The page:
Jump to Content
Photo of IRS Simplifies Tax Reporting for Individuals With Canadian Retirement Plans
Publications

Professionals

IRS Simplifies Tax Reporting for Individuals With Canadian Retirement Plans

Smarter Way to Cross Blog Archives
December 18, 2014

Under Article XVIII(7) of the United States-Canada Tax Treaty, a U.S. citizen or resident may elect to defer U.S. income taxation on income accruing under a Canadian registered retirement savings plan (RRSP) or registered retirement income fund (RRIF) until that income is distributed from the plan. Absent this treaty provision, a U.S. citizen or resident who is a beneficiary under an RRSP or RRIF would be subject to current U.S. income taxation on income accrued under the plan, even if that income is not currently distributable to the individual.

In 2004, the Internal Revenue Service (IRS) released Form 8891 (U.S. Information Return for Beneficiaries of Certain Canadian Registered Retirement Plans) for the purpose of satisfying certain reporting requirements for RRSPs and RRIFs, and to allow U.S. citizens and residents to make an election to defer U.S. taxation on income earned in the plans. The IRS recently issued guidance updating the procedures for making such an election and relaxing the reporting requirements associated with these plans.

Election Procedures

Under the IRS guidance, an “eligible individual” who has not previously made an election to defer taxation on the undistributed income of an RRSP or RRIF under Article XVIII(7) will nevertheless be treated as having made such an election as of the first year the beneficiary could have made such an election. An “eligible individual” is a beneficiary of an RRSP or RRIF who:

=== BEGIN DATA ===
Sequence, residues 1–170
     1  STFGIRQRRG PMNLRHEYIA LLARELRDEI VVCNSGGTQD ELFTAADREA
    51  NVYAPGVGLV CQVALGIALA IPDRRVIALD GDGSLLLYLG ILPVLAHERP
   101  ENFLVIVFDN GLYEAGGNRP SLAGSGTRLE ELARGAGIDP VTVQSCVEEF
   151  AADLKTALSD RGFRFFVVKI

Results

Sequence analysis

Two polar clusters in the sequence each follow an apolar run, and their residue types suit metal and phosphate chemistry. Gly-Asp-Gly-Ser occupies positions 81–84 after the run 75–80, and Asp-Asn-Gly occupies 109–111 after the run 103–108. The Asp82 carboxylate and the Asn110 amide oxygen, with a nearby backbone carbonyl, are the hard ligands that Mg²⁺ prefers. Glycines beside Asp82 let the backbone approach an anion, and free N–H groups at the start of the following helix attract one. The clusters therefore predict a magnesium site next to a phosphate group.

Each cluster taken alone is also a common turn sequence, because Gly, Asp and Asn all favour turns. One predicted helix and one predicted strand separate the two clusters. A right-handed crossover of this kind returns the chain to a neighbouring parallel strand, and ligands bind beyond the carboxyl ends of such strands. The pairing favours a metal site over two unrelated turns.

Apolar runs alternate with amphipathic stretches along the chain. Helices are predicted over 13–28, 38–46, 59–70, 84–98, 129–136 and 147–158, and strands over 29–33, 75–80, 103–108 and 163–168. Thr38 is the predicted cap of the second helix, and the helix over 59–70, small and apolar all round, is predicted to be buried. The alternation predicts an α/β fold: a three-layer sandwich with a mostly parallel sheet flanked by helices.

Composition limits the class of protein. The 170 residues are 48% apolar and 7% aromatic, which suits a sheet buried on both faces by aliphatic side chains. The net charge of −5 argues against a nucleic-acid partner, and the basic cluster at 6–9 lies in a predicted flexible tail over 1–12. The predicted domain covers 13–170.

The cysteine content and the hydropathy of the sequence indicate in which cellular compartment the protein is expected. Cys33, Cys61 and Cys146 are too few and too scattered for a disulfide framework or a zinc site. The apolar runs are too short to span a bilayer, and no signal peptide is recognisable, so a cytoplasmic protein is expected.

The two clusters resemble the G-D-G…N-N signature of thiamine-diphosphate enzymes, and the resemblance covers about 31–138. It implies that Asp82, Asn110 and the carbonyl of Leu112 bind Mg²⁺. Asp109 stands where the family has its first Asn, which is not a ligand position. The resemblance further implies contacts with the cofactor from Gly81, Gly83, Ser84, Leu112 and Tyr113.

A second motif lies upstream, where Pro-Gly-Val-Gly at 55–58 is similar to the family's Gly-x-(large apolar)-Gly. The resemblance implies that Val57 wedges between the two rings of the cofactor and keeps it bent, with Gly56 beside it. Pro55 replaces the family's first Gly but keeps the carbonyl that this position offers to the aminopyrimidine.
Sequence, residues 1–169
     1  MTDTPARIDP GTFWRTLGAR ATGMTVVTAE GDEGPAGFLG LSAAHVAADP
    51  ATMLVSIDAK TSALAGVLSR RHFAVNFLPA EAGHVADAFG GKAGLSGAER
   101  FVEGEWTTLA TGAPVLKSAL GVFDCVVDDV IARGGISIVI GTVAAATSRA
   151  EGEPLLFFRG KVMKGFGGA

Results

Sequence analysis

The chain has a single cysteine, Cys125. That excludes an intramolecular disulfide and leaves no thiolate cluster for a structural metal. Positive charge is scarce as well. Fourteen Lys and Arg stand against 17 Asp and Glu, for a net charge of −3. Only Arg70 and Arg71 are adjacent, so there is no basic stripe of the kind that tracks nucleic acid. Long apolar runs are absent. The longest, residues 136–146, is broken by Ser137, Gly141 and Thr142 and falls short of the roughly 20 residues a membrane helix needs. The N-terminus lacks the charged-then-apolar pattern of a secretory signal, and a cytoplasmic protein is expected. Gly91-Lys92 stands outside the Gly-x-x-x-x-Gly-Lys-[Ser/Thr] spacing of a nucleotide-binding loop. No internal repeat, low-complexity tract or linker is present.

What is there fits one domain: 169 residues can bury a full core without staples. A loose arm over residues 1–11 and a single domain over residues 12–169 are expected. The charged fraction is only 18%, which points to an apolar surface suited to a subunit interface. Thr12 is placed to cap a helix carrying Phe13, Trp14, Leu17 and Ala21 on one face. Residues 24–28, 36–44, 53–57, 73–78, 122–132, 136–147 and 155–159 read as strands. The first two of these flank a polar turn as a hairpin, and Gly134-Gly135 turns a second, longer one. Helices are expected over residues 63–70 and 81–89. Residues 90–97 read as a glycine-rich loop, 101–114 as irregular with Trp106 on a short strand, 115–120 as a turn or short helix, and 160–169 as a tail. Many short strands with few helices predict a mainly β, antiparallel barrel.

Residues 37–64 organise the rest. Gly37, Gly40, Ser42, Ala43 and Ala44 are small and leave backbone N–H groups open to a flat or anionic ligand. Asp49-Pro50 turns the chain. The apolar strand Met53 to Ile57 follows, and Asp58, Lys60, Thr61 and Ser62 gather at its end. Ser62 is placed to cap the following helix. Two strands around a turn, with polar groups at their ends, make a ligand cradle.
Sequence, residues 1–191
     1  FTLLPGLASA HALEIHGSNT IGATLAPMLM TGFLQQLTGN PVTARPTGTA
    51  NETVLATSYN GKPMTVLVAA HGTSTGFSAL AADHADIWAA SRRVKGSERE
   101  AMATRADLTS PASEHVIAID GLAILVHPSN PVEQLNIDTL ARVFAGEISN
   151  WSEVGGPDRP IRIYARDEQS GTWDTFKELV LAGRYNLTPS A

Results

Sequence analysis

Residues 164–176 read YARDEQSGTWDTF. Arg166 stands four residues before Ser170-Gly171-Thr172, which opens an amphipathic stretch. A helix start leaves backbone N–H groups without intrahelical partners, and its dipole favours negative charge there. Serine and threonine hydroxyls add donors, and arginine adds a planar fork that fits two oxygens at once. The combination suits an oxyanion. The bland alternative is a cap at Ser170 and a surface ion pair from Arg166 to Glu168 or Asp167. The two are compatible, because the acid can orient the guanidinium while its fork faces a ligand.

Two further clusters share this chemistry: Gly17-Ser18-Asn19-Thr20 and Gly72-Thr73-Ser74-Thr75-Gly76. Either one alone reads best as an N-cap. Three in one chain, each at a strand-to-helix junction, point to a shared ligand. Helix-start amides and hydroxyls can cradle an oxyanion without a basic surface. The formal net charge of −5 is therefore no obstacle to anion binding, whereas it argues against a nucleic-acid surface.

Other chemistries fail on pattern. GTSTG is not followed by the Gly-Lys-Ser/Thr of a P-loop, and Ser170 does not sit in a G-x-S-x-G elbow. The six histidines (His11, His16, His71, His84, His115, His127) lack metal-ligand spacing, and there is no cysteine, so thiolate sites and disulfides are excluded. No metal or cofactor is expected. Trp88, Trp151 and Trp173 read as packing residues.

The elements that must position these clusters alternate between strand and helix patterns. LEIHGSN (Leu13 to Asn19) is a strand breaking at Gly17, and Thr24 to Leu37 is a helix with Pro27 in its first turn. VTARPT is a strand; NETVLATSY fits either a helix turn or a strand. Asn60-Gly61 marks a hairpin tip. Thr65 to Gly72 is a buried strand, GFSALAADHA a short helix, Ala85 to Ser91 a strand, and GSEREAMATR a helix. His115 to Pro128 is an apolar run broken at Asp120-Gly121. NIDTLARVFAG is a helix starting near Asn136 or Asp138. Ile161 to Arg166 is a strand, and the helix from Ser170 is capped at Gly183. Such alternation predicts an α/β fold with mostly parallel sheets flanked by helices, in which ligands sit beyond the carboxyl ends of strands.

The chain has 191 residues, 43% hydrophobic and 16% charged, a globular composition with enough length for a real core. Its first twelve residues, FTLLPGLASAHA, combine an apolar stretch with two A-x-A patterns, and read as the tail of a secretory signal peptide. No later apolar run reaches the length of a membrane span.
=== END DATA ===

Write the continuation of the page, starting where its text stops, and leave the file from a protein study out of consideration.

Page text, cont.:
1. Is or was at any time a U.S. citizen or resident while a beneficiary of the plan;
  2. Has satisfied any requirement for filing a U.S. federal income tax return for each taxable year during which the individual was a U.S. citizen or resident;
  3. Has not previously reported as gross income on a U.S. federal income tax return the earnings accrued in, but not distributed by, the plan during any taxable year in which the individual was a U.S. citizen or resident; and
  4. Has reported any distributions from the plan as if the individual had made an election under Article XVIII(7) for all years during which the individual was a U.S. citizen or resident.

Beneficiaries who have reported on their U.S. federal income tax returns undistributed income accrued under an RRSP or RRIF in prior years are not eligible to make an Article XVIII(7) election under the new rules. Instead, the undistributed income will continue to be taxed unless they receive consent from the IRS to make an election under Article XVIII(7).

Finally, any taxpayer who previously made an Article XVIII(7) election is not required to file a Form 8891 for taxable years ending after December 31, 2012. Any revocation of a prior election would require the consent of the IRS.

Reporting Procedure

Subject to any future guidance from the IRS, U.S. citizens and residents who are beneficiaries under an RRSP or RRIF (regardless of whether they are “eligible individuals,” as described above) are no longer required to file Form 8891 or Form 3520 with respect to their interests in the plans. In addition, custodians are not required to file Form 3520-A. It should be noted, however, that the IRS guidance does not eliminate other reporting requirements such as the obligation to file Form 8938 (Statement of Foreign Financial Assets) or a Report of Foreign Bank and Financial Account (FBAR). (Rev. Proc. 2014-55)